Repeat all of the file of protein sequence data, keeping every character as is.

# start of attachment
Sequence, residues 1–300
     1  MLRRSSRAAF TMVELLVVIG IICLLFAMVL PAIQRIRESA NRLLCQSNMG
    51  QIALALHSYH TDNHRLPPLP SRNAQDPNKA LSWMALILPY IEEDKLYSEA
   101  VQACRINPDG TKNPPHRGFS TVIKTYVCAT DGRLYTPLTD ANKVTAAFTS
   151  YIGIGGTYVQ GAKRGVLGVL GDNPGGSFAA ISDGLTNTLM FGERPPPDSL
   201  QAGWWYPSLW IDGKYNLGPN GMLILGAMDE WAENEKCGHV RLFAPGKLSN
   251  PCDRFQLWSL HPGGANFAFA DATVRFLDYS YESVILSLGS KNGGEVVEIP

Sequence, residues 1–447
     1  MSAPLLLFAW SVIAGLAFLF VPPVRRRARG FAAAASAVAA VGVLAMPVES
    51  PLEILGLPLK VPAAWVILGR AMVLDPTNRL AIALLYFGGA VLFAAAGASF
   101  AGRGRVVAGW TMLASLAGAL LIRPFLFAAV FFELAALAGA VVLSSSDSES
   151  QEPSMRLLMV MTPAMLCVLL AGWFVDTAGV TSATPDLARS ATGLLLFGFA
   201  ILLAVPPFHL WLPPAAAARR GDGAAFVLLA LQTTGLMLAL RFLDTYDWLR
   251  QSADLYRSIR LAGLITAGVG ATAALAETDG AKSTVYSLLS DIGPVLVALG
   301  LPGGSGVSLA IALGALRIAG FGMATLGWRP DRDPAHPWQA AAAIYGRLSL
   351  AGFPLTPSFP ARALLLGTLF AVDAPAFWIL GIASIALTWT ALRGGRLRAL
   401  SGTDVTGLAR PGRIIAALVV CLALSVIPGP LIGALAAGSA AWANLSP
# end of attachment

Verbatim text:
Sequence, residues 1–300
     1  MLRRSSRAAF TMVELLVVIG IICLLFAMVL PAIQRIRESA NRLLCQSNMG
    51  QIALALHSYH TDNHRLPPLP SRNAQDPNKA LSWMALILPY IEEDKLYSEA
   101  VQACRINPDG TKNPPHRGFS TVIKTYVCAT DGRLYTPLTD ANKVTAAFTS
   151  YIGIGGTYVQ GAKRGVLGVL GDNPGGSFAA ISDGLTNTLM FGERPPPDSL
   201  QAGWWYPSLW IDGKYNLGPN GMLILGAMDE WAENEKCGHV RLFAPGKLSN
   251  PCDRFQLWSL HPGGANFAFA DATVRFLDYS YESVILSLGS KNGGEVVEIP

Sequence, residues 1–447
     1  MSAPLLLFAW SVIAGLAFLF VPPVRRRARG FAAAASAVAA VGVLAMPVES
    51  PLEILGLPLK VPAAWVILGR AMVLDPTNRL AIALLYFGGA VLFAAAGASF
   101  AGRGRVVAGW TMLASLAGAL LIRPFLFAAV FFELAALAGA VVLSSSDSES
   151  QEPSMRLLMV MTPAMLCVLL AGWFVDTAGV TSATPDLARS ATGLLLFGFA
   201  ILLAVPPFHL WLPPAAAARR GDGAAFVLLA LQTTGLMLAL RFLDTYDWLR
   251  QSADLYRSIR LAGLITAGVG ATAALAETDG AKSTVYSLLS DIGPVLVALG
   301  LPGGSGVSLA IALGALRIAG FGMATLGWRP DRDPAHPWQA AAAIYGRLSL
   351  AGFPLTPSFP ARALLLGTLF AVDAPAFWIL GIASIALTWT ALRGGRLRAL
   401  SGTDVTGLAR PGRIIAALVV CLALSVIPGP LIGALAAGSA AWANLSP